ADHD Makes It Hard for My Daughter to Pay Attention ... and Me Too

The size of my attention span, give or take
Last year, I went into one parent-teacher conference expecting to leave feeling completely bummed. It was a roundtable discussion including all of the folks charged with educating my child and they had been giving me plenty of heads up that Miss Thing was treating her school experience more like a social event at the country club. So I trudged into the meeting knowing that it was not going to be an immersion in feel-good.

But as I was soaking up their comments and observations, I noticed a pattern in what they listed as her problems: “Skylar is a bit flighty.” “She doesn’t stay on any one thing for longer than a minute.” “Her attention span is about thisbig.” “She has the potential to do better, but she’s so restless.” I could’ve punished the child, but I would’ve been dead wrong. Poor baby got all of those qualities fair and square straight from her mama.


I can’t ever remember being a scatterbrain as a kid but heaven knows I’ve got it down pat now as an adult.

In college and a few years after I graduated, I prided myself in my ability to juggle several tasks at once. Then when I got my first real job, moved out of my mom’s house, and navigated the responsibilities of being a single mother without the help of her and my grandmother, I mastered the art of being an expert multitasker. I swear, there were times I would be cooking dinner, packing Girl Child’s lunch, helping with homework, talking on the phone, ironing a school uniform, and answering emails all at the same time. I felt like one of those Kuan Yin statues with a thousand arms, all in action to get as many things simultaneously checked off my to-do list as I could possibly handle.

But the older I got, the more I noticed that I was having a harder time holding onto a thought for longer than a few minutes, if I was lucky. I’d start doing something and forget what that something was because I was doing too much flitting from one activity to another. My body was on fast forward; my brain was not.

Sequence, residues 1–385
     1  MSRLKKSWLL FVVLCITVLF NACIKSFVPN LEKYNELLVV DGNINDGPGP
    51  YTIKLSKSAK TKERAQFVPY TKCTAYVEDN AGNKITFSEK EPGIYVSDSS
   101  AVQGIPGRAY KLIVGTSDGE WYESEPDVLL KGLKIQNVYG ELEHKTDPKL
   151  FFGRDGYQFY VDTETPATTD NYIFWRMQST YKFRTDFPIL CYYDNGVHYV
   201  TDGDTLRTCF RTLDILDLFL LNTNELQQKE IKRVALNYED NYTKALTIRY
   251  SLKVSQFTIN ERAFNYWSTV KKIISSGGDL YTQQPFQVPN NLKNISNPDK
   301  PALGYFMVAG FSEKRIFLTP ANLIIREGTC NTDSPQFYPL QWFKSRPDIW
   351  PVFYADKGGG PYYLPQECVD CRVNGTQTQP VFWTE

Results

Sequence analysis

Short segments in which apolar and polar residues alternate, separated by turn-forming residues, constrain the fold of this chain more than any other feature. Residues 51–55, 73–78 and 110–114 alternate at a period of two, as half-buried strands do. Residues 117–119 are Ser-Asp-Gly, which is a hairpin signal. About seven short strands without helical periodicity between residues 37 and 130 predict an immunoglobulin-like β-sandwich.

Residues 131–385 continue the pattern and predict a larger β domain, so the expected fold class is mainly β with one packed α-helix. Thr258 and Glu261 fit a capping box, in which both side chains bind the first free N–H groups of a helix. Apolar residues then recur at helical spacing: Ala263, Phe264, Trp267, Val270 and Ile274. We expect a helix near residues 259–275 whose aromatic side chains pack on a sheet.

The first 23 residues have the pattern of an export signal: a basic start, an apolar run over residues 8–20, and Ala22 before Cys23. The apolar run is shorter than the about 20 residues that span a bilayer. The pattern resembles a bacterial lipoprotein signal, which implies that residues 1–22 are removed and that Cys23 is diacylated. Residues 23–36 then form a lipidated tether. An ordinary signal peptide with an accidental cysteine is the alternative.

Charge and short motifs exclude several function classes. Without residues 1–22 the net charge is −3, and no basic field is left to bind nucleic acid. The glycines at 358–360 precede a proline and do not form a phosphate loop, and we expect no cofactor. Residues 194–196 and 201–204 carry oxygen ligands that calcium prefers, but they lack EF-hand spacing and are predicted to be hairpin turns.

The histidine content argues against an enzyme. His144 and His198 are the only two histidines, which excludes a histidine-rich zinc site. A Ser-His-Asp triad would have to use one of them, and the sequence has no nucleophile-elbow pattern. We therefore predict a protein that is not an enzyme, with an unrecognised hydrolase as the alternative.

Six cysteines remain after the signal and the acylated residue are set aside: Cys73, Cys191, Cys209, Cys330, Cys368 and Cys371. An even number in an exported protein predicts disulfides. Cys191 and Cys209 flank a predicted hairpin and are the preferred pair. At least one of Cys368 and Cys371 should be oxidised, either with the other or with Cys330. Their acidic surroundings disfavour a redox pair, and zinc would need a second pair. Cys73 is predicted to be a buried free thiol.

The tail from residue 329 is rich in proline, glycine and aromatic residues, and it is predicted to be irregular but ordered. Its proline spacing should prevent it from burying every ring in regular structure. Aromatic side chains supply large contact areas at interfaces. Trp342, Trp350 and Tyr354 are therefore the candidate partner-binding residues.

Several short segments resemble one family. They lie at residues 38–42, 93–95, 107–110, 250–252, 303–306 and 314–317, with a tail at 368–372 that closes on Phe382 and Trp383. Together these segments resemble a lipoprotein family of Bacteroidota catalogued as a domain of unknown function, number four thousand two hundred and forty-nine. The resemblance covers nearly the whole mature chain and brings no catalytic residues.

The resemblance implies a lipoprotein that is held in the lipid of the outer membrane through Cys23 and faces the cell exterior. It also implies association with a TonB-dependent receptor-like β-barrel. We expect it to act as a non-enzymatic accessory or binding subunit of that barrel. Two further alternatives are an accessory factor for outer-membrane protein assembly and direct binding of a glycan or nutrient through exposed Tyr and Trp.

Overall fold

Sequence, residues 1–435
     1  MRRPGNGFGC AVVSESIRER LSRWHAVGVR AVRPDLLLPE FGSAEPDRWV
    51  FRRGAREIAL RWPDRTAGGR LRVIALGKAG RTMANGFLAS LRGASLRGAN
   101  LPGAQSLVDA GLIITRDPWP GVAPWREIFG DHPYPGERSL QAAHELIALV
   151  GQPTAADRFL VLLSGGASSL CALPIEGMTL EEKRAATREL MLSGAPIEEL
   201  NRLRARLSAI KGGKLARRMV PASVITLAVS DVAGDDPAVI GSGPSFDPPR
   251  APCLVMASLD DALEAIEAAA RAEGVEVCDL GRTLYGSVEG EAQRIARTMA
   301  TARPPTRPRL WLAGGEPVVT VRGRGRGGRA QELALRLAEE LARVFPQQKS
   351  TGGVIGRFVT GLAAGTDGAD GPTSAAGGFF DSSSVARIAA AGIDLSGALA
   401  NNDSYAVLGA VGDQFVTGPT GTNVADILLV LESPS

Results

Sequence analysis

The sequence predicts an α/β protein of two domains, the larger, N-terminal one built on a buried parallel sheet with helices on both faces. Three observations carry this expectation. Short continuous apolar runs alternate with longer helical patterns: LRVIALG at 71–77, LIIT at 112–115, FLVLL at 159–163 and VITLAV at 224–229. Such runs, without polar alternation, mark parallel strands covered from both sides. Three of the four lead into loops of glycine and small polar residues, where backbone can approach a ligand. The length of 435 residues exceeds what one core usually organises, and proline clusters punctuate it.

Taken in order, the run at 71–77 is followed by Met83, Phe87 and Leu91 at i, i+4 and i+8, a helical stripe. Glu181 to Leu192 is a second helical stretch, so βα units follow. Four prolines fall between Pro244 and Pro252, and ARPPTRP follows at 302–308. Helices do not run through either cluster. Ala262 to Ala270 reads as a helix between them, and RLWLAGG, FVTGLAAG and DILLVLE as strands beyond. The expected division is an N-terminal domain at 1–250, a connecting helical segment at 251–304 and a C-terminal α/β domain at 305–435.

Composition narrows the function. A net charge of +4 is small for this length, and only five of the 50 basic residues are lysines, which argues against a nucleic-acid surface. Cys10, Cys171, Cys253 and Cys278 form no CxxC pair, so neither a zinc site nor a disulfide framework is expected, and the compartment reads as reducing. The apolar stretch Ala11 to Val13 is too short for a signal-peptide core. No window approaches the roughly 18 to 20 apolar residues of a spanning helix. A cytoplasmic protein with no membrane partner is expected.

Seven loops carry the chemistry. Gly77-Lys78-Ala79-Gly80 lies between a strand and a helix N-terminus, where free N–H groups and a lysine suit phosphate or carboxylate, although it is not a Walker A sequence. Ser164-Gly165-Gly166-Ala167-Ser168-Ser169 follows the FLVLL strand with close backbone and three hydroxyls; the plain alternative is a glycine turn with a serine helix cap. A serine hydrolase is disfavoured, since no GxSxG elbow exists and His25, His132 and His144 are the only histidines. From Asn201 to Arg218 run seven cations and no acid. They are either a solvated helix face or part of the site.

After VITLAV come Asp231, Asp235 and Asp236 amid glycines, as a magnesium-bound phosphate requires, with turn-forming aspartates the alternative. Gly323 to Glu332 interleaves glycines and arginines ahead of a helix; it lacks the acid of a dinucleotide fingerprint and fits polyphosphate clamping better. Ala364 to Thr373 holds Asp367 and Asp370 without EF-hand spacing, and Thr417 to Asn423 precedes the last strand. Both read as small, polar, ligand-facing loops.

And that’s where I am today. Even as I’m writing this, I’m watching my third or fourth rerun of The Golden Girls, typing away on this post, eating a snack, taking a moment to fold laundry every few minutes or so, wrapping up a phone conversation, and hopping up every so often to do something that apparently must be done right then and there. You don’t even want to see the eyebrow of my Internet browser, which has like 20 open tabs for pages that I flip back and forth between when I’m not submerged in some Word doc. It’s the running joke that I have one site up for every hour of the day.

So with that in mind, how in the world can I come down on my child like a safe full of hefty bricks about her ADHD tendencies when I struggle with them myself?

A few years ago, I noticed she was easily bored and hard pressed to stay occupied by any one activity for long so I asked her doctor to test her for the condition. If she had it, I knew I wasn’t going to put her on meds. I hear they really drag kids out and completely alter their demeanor. I didn’t want to extinguish her inner spark. I just wanted her to be able to control it so she could settle down, focus, and get 'er done when she needed to, whatever 'er was at that particular time. But at the end of our doctor’s question-asking and survey-taking, she concluded that that wasn’t the problem.

Teen Girl may not have inherited ADHD proper from me, but our habits sure are similar. So vividly similar, it’s like I personally handed them to her instead of passing them on on the ridge of a gene. Still, she needs help and I managed to find a tutoring specialist who can coach her about zeroing in on the assignment at hand. Maybe I’ll sit in and listen. Nobody needs to know that mama needs some structure, too.   

What bad habits or qualities did your kids pick up from you?


Image via Biking Nikon SFO/Flickr

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